An undated image of bleached branching coral at Heron Island along the Great Barrier Reef. An Australian minister denied a coal mine project near the Great Barrier Reef on Wednesday. File Photo by J. Roff/UPI
Feb. 8 (UPI) -- Australia's environment minister on Wednesday rejected a bid for a coal mine near the Great Barrier Reef, marking the first time ever that such a project there has been denied under its environmental laws.
Appearing to respond to overwhelming public pressure to block the project, Environment Minister Tanya Plibersek cited federal law in denying the Central Queensland Coal Project near Rockhampton.
She said the project would present an unacceptable risk to the Great Barrier Reef, freshwater creeks and groundwater.
The coal mine would include two open-cut pits that would extract some 10 million tons of coal annually.
"I have decided not to approve the Central Queensland Coal Project because the risks to the Great Barrier Reef, freshwater creeks and groundwater are too great," Plibersek said in a video statement.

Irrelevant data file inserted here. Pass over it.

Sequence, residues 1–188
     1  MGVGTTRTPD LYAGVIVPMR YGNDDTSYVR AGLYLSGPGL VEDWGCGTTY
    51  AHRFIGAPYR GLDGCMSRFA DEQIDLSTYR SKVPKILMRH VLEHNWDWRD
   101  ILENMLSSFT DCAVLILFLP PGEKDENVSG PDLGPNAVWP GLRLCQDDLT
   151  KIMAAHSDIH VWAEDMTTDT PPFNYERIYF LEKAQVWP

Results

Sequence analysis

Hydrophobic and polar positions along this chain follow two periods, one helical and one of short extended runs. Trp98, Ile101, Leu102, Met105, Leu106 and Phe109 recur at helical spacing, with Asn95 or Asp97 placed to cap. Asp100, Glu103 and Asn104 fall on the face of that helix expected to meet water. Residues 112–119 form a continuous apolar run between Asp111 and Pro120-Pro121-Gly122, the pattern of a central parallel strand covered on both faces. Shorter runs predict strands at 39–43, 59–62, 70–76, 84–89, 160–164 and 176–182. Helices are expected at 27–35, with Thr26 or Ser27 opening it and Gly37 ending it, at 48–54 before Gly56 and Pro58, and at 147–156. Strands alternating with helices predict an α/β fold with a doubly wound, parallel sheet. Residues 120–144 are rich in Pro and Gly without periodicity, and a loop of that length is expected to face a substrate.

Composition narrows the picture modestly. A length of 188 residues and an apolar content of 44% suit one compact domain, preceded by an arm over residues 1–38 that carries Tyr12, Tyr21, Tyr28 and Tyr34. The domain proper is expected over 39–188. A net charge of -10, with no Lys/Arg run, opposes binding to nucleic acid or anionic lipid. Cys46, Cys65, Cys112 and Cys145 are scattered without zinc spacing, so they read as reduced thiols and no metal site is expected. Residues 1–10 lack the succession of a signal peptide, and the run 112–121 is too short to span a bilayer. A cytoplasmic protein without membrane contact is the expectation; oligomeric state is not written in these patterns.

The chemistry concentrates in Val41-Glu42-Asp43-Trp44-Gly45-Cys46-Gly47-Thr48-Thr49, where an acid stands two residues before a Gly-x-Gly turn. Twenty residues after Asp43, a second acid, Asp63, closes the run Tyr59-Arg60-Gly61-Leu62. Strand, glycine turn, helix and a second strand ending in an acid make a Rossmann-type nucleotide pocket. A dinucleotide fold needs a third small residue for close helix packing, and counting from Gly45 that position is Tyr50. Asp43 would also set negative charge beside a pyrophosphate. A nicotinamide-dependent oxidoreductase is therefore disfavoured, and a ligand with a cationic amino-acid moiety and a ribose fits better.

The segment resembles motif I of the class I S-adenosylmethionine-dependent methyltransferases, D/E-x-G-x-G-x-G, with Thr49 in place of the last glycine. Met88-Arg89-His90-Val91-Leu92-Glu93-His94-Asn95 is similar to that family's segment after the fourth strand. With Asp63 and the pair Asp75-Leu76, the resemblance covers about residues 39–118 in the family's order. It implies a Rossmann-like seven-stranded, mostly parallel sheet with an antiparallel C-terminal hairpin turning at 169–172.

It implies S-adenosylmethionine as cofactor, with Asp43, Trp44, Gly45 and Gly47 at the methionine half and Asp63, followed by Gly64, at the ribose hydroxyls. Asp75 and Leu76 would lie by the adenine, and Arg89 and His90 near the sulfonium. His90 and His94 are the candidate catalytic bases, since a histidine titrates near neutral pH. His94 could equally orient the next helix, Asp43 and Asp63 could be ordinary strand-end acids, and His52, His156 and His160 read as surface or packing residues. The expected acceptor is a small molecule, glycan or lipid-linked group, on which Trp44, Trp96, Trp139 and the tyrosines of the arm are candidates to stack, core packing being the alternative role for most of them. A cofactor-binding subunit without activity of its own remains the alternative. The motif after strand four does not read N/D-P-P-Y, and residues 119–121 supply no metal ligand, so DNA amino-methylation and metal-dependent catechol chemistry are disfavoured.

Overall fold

"Freshwater creeks run into the Great Barrier Reef and onto seagrass meadows that feed dugongs and provide breeding grounds for fish."
Environmentalists had said the Great Barrier Reef is already under stress because of global warming. The 1,429 miles-long reef experienced its sixth mass bleaching event in 2022, blamed on warming water.
"More than half of the living coral cover that we can see from the air is severely bleached completely white and can have signs of fluorescence in the colors of pink, yellow and blue," said Neal Cantin, a coral biologist with the Australian Institute of Marine Science, according to CNN.
"The corals are producing these fluorescent pigments in an attempt to protect their tissue from heat and from the intense sun during these marine heatwaves."